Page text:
If the government values and recognizes the savings in preventative medicine, they can reward those delivering it. (Even if it wasn't in a single payer system, there are other ways the government could do that, such as stipends, assistance with educational debt for those who choose and stay as PCPs).
Problem is politicians only ever look at costs in the sense of "what is this costing now?" They look at how much it costs to deliver polio vaccines, without appreciating how much they'll save down the road by spending that money now. (That is not unique to US politicians, it's the same everywhere of course)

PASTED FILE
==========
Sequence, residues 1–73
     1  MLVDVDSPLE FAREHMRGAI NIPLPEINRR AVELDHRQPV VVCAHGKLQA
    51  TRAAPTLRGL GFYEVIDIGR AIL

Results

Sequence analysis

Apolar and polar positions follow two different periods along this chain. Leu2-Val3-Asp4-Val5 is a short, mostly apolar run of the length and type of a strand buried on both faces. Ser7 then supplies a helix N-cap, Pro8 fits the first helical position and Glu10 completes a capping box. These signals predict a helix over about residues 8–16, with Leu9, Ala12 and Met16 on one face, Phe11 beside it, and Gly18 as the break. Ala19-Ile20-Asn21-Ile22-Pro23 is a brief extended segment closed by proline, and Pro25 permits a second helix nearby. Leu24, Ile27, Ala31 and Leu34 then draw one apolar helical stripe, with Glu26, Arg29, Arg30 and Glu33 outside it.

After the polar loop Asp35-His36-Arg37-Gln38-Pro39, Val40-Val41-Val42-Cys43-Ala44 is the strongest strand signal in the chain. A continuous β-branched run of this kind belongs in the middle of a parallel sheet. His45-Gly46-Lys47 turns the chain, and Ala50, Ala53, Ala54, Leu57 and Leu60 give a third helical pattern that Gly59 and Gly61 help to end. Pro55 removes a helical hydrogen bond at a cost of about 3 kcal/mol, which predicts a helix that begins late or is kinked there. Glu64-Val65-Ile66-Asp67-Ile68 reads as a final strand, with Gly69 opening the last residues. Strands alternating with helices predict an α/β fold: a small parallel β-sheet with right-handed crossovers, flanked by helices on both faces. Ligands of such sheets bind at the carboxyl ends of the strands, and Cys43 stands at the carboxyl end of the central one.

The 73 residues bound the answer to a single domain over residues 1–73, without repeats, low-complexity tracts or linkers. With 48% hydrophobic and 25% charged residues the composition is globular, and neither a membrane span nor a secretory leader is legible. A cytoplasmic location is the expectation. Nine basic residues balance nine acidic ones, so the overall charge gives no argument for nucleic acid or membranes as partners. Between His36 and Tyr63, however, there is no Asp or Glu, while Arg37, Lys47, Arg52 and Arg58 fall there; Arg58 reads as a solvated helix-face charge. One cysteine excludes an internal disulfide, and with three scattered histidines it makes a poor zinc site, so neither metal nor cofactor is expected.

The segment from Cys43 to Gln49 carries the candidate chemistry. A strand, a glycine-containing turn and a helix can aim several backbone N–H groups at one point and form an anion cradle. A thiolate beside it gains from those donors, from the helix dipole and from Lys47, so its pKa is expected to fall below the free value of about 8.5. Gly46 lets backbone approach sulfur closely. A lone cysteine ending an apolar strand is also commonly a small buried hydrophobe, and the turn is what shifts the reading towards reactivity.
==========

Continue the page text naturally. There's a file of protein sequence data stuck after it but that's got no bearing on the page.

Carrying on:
Americans are by and large fat lazy slobs. Preventative medicine is more or less free for anyone who wants it. Americans are unwilling to make lifestyle changes that will lead to better health. It sucks, but that's the way it is. Unless we figure out some way to force exercise and healthy eating habits, all the preventative medicine visits in the wold won't make a dent.
Edit: I may have used to broad of brush. A large percentage, probably half of Americans are fat and lazy. They don't care enough about their own health to put down the twinkie and big mac yet think for some reason the rest of society should care about their health when the consequences of their lifestyle arrive.